Objection #12: Metaphysical beliefs can have positive effects

This objection might be supported by looking at many examples of people who held metaphysical beliefs, that have apparently inspired them to greater rather than less objectivity, including spiritual dedication, altruism, striking acts of charity or reform, or intellectual labour. Obviously the role of metaphysical religious beliefs, such as belief in God, comes foremost in this. Could we really rule out a positive role for metaphysical belief in the lives of people like St. Francis, Rumi, Mahatma Gandhi or Desmond Tutu?

The basic answer I would want to offer to this is that these figures were inspired by integration in their experience, through which they learnt to effectively address conditions both external (changing the world) and internal (dealing with their own weaknesses). Such experience was attached to metaphysical beliefs, but it was not the metaphysical beliefs themselves that provided the basis for progress. Rather, such figures have made great advances despite their metaphysical beliefs, which have at times held them back.

Taken by itself, however, without closer examination of the details of individual lives, this response is unfalsifiable. How could we tell so easily which elements of their lives were the result of metaphysical belief and which of experience? The types of mental state associated with each are easily distinguishable in my own experience, with narrowing, exclusive mental states associated with metaphysical beliefs and more open ones and higher levels of awareness associated with reliance only on experience. However, it is much more difficult to judge how far the outcomes in other people's behaviour correlate with these different types of belief and mental states.

One way round this problem is simply to examine the biographies of great theists (or other metaphysical believers) with it in mind, and draw one's own conclusions. My own conclusion, time after time, on reading such biographies, is that otherwise inspiring figures are often flawed by their metaphysical commitments. In the case of St. Francis, the flaws seem to be associated with a dogmatic commitment to the value of formal poverty (rather than a balanced use of wealth), and a failure to address the contradictions this often produced. He ended up being formally poor whilst actually wielding wealth and influence through his Order. The dogmatic and authoritarian structure of the Church within which he had to work, also greatly hampered him, showing the way that objectivity on an individual level can nevertheless be hampered by dogma at a group level.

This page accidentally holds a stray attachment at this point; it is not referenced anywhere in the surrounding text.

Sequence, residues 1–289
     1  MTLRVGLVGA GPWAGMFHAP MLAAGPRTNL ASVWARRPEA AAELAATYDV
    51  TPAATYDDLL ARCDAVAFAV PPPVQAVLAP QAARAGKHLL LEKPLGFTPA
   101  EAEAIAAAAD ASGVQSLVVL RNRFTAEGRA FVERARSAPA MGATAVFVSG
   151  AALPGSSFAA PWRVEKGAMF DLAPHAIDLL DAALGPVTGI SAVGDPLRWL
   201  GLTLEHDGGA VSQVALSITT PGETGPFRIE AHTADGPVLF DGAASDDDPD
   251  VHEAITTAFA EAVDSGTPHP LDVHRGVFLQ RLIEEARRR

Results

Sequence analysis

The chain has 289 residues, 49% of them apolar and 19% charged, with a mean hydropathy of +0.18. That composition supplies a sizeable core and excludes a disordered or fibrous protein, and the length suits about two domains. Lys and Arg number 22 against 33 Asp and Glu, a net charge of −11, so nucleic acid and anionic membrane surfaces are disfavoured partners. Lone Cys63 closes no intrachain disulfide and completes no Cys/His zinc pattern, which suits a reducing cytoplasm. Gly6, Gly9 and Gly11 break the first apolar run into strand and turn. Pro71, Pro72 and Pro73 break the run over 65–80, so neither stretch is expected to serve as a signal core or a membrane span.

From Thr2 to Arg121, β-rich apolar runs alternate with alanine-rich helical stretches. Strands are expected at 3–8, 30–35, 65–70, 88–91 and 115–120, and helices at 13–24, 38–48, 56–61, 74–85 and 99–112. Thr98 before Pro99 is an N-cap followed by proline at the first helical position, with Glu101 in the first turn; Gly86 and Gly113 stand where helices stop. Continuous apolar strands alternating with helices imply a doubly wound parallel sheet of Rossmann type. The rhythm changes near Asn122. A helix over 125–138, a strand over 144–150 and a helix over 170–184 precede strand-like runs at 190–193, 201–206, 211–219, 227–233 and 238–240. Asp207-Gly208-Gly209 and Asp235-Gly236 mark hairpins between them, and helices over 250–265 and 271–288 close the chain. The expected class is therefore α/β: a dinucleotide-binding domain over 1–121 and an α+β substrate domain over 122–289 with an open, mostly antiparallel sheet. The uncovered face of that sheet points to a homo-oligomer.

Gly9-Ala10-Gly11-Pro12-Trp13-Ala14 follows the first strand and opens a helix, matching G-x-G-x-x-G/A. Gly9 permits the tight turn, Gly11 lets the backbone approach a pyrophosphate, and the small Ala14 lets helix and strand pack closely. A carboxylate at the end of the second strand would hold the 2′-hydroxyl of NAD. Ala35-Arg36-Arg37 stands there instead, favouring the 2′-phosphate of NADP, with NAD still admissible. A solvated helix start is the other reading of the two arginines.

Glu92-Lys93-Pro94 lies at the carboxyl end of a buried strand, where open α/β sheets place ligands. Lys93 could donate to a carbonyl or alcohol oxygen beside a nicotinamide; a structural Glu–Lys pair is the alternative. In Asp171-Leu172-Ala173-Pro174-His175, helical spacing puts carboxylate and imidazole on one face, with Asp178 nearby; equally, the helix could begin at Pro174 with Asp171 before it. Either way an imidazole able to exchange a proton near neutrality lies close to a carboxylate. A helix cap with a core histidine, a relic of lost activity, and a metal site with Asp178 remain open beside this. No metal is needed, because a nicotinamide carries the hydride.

Our objectivity can be lop-sided, and sincerity, love and humility may take one a long way towards it, but are not enough by themselves when other factors militate in favour of hypocrisy, exclusion and pride that may be part of the same system in which a great theist works. Like all of us, then, theistic saints gained partial objectivity in the terms of the conditions that surrounded them.

When examining biographical (or possibly autobiographical) evidence in relation to this problem, though, it is vital to put it in the larger context of the usefulness of a theory of objectivity that is not based on metaphysics. If we attribute St. Francis's degree of objectivity to his belief in God, at a stroke we thereby abandon the possibility of resolving the problem of objectivity in ethics, and are driven back to opposed metaphysical claims and the impasse of absolutism and relativism. So, I do not want to advise making the evidence fit the theory, which would go against the whole spirit of the Middle Way, but I do want to suggest a cautious and open investigation of such issues which bears in mind the scale of the implications of a judgement one way or the other. By a single hasty judgement in favour of a metaphysical source of objectivity (when a closer examination might have brought a different judgement) in my view one throws away at a stroke the possibility of explaining the nature of objectivity and resolving the problem of relativism. If the evidence also seems inconclusive, or simply dependent on prior assumptions, I would also urge the importance of taking the hopeful path which interprets uncertainty as grounds for objectivity rather than irredeemable subjectivity.

 

Links to related pages

The Middle Way approach to metaphysics

The Middle Way and religion

Thesis on the psychological basis of philosophical dogmatism

Thesis on the features of eternalism

Objection 2: Middle Way theory is as metaphysical as the views it is criticising

Objection 4: We cannot escape metaphysics. Even scientists have to use metaphysical assumptions.

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